The panel discussion, featuring Mumbai Police Commissioner Rakesh Maria and Maharashtra Anti-Terrorism Squad chief Himanshu Roy,at the premier of the film, 'Daughters of Mother India' in Mumbai.
Four hundred cops from the Mumbai Police along with two of its most flamboyant officers, Police Commissioner Rakesh Maria and ATS Chief Himanshu Roy, came together at the premiere of 'Daughters of Mother India' a film that chronicles that aftermath of the horrific rape and murder of a 23-year-old medical intern on December 16, 2012.
The screening was followed by a panel discussion with the two officers, the film's director Vibha Bakshi and actor Poorna Jagannathan. The film is a part of the Vogue Empower initiative. Speaking to NDTV, Priya Tanna, editor of Vogue India said, "The journey has taken us to many different places and these are important pit stops in the life of Vogue Empower."
Speaking on the incident of a recent case in Delhi where a young executive was raped by an Uber cab driver, Rakesh Maria said, "I have ordered a background check of all cabbies in the city. Some services providers did not even have details of the drivers. We should be able to complete the exercise by April. If I and the Mumbai Police say we have verified a driver, we are vouching for him. We were the first force to order a background check of all taxi drivers."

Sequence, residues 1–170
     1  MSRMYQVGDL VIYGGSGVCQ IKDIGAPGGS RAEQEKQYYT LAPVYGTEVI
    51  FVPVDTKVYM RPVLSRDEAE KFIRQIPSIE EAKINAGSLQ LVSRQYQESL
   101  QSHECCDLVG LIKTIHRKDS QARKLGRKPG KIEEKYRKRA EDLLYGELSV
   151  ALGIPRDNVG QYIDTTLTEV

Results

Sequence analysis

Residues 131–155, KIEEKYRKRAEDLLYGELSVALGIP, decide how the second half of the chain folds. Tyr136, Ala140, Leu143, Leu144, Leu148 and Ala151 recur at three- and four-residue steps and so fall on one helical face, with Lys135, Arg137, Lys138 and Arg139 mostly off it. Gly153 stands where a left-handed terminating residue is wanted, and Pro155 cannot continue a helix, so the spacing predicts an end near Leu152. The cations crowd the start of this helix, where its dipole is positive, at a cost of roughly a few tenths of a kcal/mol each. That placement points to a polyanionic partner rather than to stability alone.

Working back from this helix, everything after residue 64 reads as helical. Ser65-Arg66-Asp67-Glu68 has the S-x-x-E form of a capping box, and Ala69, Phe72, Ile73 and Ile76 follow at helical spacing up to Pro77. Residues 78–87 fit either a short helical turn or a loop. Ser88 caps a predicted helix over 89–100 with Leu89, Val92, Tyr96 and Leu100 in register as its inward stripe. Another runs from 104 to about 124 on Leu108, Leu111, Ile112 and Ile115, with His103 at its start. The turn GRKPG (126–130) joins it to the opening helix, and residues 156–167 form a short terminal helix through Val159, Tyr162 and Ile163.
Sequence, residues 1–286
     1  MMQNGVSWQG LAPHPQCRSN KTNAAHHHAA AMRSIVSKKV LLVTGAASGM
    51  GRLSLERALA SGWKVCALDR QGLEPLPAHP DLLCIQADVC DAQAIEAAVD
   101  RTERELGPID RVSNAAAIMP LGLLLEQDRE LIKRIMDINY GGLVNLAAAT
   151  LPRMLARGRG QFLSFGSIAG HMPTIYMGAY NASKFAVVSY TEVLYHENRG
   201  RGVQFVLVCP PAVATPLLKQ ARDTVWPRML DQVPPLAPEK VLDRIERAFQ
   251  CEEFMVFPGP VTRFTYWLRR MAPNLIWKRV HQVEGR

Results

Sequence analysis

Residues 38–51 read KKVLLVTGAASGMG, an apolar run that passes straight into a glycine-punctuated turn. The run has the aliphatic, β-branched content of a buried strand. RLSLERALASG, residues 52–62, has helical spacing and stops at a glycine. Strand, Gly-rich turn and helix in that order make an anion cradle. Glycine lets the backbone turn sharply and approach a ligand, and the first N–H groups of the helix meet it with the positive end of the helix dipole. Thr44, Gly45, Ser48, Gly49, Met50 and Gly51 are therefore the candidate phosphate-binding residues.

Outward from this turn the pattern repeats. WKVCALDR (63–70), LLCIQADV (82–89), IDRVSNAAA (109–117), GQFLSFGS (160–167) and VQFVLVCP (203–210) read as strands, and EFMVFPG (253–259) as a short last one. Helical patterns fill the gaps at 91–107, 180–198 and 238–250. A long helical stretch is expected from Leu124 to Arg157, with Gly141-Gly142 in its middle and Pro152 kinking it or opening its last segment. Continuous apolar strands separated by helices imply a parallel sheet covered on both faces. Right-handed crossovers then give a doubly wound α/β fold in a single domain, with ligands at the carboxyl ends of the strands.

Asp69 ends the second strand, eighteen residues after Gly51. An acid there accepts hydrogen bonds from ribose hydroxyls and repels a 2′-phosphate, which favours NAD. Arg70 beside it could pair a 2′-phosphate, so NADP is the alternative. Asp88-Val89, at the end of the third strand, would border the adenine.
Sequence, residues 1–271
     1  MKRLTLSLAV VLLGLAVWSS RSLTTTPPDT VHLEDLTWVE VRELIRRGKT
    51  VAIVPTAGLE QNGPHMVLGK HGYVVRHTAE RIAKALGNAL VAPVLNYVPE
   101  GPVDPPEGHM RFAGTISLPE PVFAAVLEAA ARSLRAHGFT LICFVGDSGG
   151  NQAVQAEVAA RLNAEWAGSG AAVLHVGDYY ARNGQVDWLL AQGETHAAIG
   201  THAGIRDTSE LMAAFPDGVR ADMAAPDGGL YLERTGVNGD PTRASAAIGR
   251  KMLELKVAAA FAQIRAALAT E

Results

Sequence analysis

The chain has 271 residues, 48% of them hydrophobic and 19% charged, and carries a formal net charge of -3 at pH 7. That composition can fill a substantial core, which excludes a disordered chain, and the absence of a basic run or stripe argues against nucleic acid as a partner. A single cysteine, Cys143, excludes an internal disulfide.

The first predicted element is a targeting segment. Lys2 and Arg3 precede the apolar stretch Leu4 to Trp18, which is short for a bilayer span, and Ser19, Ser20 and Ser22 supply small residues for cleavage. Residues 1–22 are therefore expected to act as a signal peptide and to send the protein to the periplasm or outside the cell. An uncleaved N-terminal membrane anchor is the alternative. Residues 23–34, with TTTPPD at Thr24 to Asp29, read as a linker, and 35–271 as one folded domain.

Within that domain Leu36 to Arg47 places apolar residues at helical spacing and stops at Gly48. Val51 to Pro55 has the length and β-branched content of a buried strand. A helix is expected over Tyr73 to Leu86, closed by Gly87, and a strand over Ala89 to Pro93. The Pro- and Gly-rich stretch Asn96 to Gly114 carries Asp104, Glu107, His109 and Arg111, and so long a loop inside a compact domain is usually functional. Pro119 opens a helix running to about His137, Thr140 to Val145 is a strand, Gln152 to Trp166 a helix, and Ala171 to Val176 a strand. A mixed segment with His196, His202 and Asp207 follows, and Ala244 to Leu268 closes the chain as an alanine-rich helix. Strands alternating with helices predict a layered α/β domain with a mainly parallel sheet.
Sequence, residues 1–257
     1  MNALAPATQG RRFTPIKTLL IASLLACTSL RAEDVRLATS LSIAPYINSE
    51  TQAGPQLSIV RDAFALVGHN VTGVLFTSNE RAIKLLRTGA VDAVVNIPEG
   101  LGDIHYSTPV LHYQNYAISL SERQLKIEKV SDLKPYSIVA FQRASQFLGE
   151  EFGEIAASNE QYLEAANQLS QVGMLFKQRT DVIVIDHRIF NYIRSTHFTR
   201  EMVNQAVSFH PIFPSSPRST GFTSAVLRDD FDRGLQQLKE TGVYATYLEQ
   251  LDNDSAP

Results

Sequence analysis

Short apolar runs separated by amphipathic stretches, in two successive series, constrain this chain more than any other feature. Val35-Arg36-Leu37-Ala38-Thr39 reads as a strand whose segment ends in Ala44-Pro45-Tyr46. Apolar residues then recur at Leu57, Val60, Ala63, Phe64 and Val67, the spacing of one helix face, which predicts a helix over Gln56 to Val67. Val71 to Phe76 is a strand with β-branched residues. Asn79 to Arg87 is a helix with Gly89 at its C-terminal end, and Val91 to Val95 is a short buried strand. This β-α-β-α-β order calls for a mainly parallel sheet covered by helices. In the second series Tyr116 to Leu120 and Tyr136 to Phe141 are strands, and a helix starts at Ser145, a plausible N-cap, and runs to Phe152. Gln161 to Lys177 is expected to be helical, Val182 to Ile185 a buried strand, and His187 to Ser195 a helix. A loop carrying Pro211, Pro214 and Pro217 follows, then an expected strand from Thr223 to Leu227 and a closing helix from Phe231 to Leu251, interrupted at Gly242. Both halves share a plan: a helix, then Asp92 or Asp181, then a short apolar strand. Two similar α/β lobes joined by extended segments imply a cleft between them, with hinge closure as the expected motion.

Lamenting the fact that criminals get bail from courts and repeat crimes, ATS Chief Himanshu Roy said, "When it comes to balancing rights of victims and the accused, it has been balanced in the favour of the accused. Society has to take a call on releasing accused on bail."
Roy pointed out that the gunman who took people hostage in Sydney had forty cases against him. He also mentioned a Supreme Court judgement which says bail is a matter of right adding that offenders often get out on bail.
Speaking on safety of women in Mumbai, Rakesh Maria said, "Please do not judge Mumbai going by the number of cases reported these days. All these years we were pushing things under the carpet and cases were not being reported. Now we are sensitizing the force and encouraging people to come out and report cases."
Himanshu Roy added, "We have over 60 years of policing between us and yet it is heart-wrenching to deal with the cases that come before us. Ninety percent of cases take place within the circle of trust. The police cannot penetrate every home." Appealing to his fellow policemen Roy said, "We should be sensitive and have a zero tolerance for crimes against women. Society has high expectations from us and let's not fail them."
The horrific attack on a school in Peshawar also came up during the discussion, Rakesh Maria said, "There is no sanctity these days. Earlier women and children were never targeted. Today things have changed and women's security and sexual offences are priority number one. When we joined the force the priority was dacoity. Then it moved to the underworld and organized crime. Today terror and women's security are on top of the list."
While Rakesh Maria listed all the steps the Mumbai Police has taken under his leadership, Poorna Jagannathan pointed out things have begun to change. She said, "We are in a different space from where we were on December 15, 2012. We have begun to talk about issues now."
Poorna also pointed out that often cases are reported from the most unexpected quarters and affluent homes. "Sometimes crimes are committed by men who have a wall full of trophies," she said.
While both the cops said the police are doing everything they can, Rakesh Maria made an appeal to the media saying, "Don't sensationlise cases. Please have faith in us. We will not let you down."